In the United States, it is a fact. We import everything consumers want. So why not pharmaceuticals? In fact, I look back at all my years working on trying to free up trade around the world through efforts to pass free-trade agreements, through efforts to get the President trade promotion authority, everything that would make global policies available to American consumers, and I can only think of two things our law prevents consumers in America from importing from other countries when everything else the consumers buy they can buy anywhere in the world if they want to--but not for pharmaceuticals or not for Cuban cigars.
Some opponents of this amendment have concerns about what drug importation would mean to the safety of drugs. Obviously, we have to be concerned about drug safety because that is what the FDA is all about--two things, making sure drugs are safe, and, No. 2, to make sure they are effective.
Everyone who knows me knows I care deeply about the safety of drugs. I would not be standing here today urging support for Senator McCain's amendment if I did not think it would properly protect the safety of the Nation's prescription drug supply chain. The fact is that the unsafe situation is what we have today. Today patients who need a cheaper alternative are ordering drugs over the Internet from who knows where, and the FDA does not have the resources to do much of anything about it. The fact is the McCain amendment would not only help to lower the cost of prescription drugs for all Americans but will also establish a system where American patients can be certain that the drugs they are importing are safe.
The amendment has requirements that a pharmacy must meet before the Secretary may approve them for participation. This includes product testing in labs designated by the Secretary. A list of approved pharmacies will be published on the FDA Web site. Patients who are already forced to purchase their medications outside the United States would be able to access the list to choose a safe option. Additionally, the amendment lays out criteria that must be met before any patient may import drugs from an FDA-approved pharmacy. Patients must have a valid prescription from a physician licensed to practice in our country. The purchase must be for personal use, and the drug must have the same active ingredient, route of administration, dosage form, and strength as a prescription drug approved by the Secretary of HHS.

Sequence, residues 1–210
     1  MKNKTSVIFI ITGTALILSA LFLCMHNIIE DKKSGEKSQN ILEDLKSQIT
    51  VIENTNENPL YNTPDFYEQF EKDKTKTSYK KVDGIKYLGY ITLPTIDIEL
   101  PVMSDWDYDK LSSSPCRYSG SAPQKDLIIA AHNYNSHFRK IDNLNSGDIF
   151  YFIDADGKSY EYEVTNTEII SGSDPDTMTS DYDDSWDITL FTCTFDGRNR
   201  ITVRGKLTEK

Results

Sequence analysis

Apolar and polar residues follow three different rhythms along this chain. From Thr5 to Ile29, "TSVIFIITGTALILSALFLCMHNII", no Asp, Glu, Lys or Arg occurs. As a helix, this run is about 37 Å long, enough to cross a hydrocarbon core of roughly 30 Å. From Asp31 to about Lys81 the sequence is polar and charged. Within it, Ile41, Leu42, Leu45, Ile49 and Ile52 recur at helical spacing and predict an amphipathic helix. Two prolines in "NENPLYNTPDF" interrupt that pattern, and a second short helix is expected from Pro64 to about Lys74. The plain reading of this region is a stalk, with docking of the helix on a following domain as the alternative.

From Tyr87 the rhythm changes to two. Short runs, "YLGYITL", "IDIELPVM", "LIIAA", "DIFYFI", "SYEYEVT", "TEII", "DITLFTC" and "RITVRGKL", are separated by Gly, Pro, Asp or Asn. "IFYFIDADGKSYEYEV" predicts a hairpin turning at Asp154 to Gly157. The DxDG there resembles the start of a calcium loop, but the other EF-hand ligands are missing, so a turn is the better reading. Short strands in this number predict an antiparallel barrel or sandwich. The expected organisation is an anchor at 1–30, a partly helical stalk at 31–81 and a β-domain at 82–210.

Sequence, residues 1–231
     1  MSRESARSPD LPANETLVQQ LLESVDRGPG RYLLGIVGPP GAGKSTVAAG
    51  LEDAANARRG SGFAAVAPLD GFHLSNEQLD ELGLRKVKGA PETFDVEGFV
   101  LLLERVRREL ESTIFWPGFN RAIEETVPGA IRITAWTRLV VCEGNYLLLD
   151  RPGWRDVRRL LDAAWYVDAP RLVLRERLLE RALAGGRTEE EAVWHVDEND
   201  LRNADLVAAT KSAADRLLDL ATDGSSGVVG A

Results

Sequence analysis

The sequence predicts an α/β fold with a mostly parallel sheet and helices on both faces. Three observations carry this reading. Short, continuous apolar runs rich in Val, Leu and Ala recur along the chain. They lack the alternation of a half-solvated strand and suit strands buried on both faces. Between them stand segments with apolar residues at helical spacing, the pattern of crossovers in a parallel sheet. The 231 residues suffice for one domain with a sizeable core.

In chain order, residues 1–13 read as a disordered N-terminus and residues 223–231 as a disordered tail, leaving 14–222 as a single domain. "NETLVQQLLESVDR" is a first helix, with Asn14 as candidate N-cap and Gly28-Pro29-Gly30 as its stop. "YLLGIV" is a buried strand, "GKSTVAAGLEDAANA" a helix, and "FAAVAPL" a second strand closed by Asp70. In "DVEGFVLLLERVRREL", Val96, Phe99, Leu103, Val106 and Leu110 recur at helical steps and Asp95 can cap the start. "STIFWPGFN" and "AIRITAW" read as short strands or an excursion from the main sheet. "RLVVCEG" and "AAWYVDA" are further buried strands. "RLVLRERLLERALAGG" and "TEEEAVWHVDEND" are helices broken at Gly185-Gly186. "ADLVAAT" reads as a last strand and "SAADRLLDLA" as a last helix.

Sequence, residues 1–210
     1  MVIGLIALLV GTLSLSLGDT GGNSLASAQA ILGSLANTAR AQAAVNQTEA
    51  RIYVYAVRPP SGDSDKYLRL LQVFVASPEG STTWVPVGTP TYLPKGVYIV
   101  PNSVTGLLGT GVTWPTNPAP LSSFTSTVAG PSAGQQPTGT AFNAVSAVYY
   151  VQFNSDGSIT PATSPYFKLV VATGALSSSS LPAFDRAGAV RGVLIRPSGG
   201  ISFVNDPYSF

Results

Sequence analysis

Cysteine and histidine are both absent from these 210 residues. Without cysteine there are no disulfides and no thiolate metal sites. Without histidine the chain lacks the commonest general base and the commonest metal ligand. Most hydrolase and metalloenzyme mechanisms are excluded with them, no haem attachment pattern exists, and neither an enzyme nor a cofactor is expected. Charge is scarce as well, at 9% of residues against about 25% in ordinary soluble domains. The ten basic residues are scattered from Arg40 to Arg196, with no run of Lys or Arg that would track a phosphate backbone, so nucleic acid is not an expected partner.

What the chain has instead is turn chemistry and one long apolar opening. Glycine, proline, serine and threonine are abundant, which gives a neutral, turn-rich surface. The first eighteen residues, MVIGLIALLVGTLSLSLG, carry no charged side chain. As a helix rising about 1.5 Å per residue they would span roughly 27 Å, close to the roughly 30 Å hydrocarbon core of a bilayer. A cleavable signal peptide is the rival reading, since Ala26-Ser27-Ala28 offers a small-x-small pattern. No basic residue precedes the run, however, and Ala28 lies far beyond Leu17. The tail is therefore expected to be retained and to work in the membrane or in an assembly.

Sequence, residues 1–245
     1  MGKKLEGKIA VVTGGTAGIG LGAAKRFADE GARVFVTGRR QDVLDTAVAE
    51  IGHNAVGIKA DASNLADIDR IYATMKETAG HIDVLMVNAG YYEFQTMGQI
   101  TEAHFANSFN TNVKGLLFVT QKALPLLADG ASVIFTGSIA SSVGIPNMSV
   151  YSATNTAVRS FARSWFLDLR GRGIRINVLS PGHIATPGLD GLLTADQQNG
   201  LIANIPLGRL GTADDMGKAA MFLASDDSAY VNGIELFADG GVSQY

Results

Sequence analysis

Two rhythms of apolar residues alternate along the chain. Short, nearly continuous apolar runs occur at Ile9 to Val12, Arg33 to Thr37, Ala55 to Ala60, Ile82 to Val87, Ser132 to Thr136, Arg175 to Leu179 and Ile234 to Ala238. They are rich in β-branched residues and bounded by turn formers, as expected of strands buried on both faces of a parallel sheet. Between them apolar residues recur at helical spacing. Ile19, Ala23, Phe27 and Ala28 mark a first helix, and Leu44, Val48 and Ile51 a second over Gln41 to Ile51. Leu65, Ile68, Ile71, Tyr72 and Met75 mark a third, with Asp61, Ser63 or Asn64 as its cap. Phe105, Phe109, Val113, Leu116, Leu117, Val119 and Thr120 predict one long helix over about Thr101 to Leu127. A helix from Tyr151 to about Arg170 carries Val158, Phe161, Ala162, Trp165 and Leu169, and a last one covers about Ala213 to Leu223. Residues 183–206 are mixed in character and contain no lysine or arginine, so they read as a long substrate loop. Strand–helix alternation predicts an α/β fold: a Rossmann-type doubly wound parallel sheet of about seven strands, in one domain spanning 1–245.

The McCain amendment would improve drug safety, it would not threaten drug safety. It would open trade to lower-cost drugs, and it would make other consumers around the world start paying for some of the research and development the American consumer is paying such a high price to provide. We should do all we can to get miracle drugs originated and developed, but the American consumer should not be paying the entire bill. We need to make sure Americans have even greater, more affordable access to lifesaving drugs by opening the doors to competition in the global pharmaceutical industry.
Obviously, after a decade and a half, I am continuing to urge my colleagues to join in this effort on the importation of drugs, and in this particular area to give support to Senator McCain and support his amendment. I applaud him for the leadership he has shown in this area over a long period of time.